The reign in Spain…

On the table, (after Eylau) Talavera from the twinpack (Talavera and Albuera) of Spanish Eagles with the updated Eagles of the Empire series rules.

The series rules are a decent lot and the special stuff for Talavera is not too much to swallow. There’s still some annoying errata, but it’s at the ‘Who moved my cheese?’ end of the spectrum and hasn’t stopped me racing through the game.

I still hate the bucket of dice combat system. OK, ‘hate’ may be too strong, but I truly do not like it.

As for these battles, just like Eylau, I needed to do some reading up to fill in the background. I had some material lying around about Talavera from when I played the Gamers’ NBS game on the same battle and, amazingly, I hadn’t forgotten it all.  But Albuera was largely unknown to me beyond the briefing in the game.

The advantage of this level of game, is that the focus is high up the command chain and largely stays that way. You do not get ground down by low level combat and decision making. So, in general, the narrative flows quickly. However, the loss of detail is also a loss of color (or flavor or atmosphere) and that means the experience is awfully like playing a game that could be set anytime in the horse and musket era. Those parts that make it distinctive are not that distinctive.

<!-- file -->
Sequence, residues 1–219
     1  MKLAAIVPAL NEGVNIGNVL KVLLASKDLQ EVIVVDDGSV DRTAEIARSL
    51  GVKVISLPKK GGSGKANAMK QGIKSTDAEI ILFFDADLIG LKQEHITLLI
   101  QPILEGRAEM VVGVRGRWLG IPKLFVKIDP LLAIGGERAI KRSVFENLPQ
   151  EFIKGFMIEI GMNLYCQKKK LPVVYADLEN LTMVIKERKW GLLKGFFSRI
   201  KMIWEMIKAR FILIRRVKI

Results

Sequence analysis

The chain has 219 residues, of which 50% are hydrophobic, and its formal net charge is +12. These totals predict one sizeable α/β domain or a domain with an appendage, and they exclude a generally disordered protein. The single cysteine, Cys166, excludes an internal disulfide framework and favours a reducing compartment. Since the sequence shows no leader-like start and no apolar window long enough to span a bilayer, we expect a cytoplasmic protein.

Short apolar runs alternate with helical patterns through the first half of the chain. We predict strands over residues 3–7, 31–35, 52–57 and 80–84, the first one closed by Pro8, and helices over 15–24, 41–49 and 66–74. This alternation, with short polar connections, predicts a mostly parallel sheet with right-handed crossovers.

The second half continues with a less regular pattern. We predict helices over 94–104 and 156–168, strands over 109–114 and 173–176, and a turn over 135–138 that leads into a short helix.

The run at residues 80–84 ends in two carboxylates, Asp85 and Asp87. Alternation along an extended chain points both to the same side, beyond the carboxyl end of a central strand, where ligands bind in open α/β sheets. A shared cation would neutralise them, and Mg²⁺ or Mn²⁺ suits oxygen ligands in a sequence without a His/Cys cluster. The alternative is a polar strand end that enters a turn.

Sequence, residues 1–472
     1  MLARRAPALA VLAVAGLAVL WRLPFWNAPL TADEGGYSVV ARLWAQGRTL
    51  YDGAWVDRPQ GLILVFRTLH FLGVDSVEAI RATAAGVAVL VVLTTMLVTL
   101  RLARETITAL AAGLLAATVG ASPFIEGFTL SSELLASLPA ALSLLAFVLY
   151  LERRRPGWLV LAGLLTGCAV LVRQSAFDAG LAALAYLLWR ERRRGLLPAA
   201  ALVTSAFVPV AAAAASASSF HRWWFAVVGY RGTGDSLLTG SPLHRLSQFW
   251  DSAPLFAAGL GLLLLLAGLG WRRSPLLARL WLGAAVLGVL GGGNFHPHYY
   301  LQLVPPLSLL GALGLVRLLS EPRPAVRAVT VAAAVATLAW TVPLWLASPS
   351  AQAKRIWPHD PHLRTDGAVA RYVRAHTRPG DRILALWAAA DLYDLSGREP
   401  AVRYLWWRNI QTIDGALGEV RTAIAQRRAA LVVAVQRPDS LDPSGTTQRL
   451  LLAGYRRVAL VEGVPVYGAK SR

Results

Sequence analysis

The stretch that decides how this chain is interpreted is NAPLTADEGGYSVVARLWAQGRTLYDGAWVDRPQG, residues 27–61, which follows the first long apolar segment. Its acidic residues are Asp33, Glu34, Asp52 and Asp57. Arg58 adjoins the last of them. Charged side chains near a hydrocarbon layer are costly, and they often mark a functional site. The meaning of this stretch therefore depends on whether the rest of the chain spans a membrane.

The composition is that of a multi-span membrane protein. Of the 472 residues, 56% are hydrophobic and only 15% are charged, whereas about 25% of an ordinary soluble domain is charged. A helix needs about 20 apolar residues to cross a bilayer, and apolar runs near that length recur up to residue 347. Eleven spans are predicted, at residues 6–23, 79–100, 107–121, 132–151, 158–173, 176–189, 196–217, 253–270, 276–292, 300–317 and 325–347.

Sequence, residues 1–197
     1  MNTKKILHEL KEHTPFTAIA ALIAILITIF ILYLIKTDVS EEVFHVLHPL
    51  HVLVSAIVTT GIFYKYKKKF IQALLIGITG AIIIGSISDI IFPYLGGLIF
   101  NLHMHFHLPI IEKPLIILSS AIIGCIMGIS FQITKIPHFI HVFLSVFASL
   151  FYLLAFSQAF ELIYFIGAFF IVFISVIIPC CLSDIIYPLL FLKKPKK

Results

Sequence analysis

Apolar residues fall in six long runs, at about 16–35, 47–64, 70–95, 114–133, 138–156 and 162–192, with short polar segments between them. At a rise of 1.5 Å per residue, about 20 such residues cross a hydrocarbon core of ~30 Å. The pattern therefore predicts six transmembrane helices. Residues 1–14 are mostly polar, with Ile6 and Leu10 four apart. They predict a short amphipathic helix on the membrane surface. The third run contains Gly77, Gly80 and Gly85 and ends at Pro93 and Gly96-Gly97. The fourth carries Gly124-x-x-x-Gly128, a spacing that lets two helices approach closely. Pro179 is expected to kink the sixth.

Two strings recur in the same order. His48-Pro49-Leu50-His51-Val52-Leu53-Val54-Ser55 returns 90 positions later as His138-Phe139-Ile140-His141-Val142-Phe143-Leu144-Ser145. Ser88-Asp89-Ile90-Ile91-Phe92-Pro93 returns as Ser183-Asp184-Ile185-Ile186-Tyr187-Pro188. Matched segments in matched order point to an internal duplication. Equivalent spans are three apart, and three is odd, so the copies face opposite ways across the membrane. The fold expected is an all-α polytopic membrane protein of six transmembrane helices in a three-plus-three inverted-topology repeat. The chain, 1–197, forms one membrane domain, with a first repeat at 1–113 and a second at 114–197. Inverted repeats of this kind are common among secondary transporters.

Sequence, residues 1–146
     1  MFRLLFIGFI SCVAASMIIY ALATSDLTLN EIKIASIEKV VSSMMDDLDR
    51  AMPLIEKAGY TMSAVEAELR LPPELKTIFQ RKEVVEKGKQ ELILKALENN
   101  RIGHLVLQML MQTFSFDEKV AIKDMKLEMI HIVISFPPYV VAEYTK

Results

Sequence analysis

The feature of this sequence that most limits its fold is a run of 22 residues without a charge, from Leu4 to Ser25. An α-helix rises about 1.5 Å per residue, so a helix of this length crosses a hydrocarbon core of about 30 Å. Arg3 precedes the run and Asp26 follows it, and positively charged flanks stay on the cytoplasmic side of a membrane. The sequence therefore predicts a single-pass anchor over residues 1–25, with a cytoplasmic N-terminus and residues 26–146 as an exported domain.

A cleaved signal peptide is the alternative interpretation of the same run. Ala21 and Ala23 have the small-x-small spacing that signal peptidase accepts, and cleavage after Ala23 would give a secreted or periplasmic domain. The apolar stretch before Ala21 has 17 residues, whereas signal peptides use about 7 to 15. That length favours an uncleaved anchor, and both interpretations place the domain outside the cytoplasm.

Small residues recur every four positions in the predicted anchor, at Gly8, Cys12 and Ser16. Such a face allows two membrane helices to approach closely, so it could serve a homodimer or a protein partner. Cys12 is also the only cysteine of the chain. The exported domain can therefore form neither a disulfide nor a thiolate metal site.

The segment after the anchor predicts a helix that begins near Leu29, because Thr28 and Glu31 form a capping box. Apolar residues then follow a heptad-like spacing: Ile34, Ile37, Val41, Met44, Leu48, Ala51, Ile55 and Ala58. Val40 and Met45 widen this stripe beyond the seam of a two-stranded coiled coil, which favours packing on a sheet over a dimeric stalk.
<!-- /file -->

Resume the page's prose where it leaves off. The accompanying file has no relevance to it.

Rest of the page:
On the plus side, the terrain analysis is impressive, and you do get the challenges of command without being burdened by a written orders system. It is frustrating – and realistic – to have your formations ignore your orders!

Glad this eventually got to the table, though.

Fiction – December 2019

Number 22 of the Spenser series, this was one of the better ones. Spenser is searching for a policeman’s missing wife. It quickly transpires that things (as usual) are not what they seem. The reader gets snappy dialog, a touch of sex and violence, and a story worth following. Recommended. But start at the beginning.

Fantasy romp that fell flat with me. Nothing was convincing: jerky dialog, uneven characterization, and unlikely motivations. The fantasy backdrop didn’t work. The story might have been worth telling, but not like this. Avoid.

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